Neural and behavioral effects of oxytocin administration during theory of mind in schizophrenia and controls: a randomized control trial Articles uri icon

publication date

  • May 2019

start page

  • 1925

end page

  • 1931


  • 11


  • 44

International Standard Serial Number (ISSN)

  • 0893-133X

Electronic International Standard Serial Number (EISSN)

  • 1470-634X


  • Social cognitive impairments, including theory of mind (ToM), in schizophrenia more strongly predict functional outcomes than psychotic symptoms or nonsocial cognitive deficits. Despite their clinical importance, current medications do not improve these deficits. The current study investigated the hypothesis that oxytocin, a neuropeptide implicated in social behavior, would normalize neural abnormalities in schizophrenia during ToM, and that this normalization would correlate improvement in ToM behavior. In this cross-over, double-blind, and placebo-controlled functional magnetic resonance imaging study, a single dose of 40 IU of oxytocin was administered via nasal spray to male individuals with a schizophrenia spectrum disorder (schizophrenia and schizoaffective disorder, n = 23) and healthy controls (n = 25). Participants completed two ToM tasks in the scanner, the False Belief and Person Description tasks. During both tasks, on placebo day, schizophrenia was associated with reduced accuracy, hypo-activity in the right temporo-parietal junction (rTPJ; extended into the posterior superior temporal sulcus), and hypo-connectivity between the rTPJ and medial prefrontal cortex (mPFC) compared to healthy controls. Oxytocin, relative to placebo, significantly increased accuracy and rTPJ activation for ToM but not control stories in schizophrenia. Furthermore, a significant positive correlation was found between oxytocin induced increases in rTPJ activity and accuracy, indicating that oxytocin improved rTPJ activity in schizophrenia predicted behavioral improvement. Oxytocin also significantly improved connectivity between rTPJ and mPFC in schizophrenia. These findings suggest that rTPJ activity during ToM might be a potential neural target for the treatment of social cognitive deficits in schizophrenia.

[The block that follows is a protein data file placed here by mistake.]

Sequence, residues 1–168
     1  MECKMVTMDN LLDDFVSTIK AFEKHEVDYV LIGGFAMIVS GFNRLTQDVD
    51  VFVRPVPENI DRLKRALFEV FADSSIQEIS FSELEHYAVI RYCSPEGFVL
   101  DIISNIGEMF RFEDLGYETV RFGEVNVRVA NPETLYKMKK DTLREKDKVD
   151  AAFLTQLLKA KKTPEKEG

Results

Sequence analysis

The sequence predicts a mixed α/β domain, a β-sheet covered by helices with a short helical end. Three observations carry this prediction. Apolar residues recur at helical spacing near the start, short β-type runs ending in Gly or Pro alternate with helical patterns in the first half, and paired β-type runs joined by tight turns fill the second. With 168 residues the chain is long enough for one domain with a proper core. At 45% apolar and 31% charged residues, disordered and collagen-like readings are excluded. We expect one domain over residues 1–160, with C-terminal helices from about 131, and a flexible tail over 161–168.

• medical research; neuroscience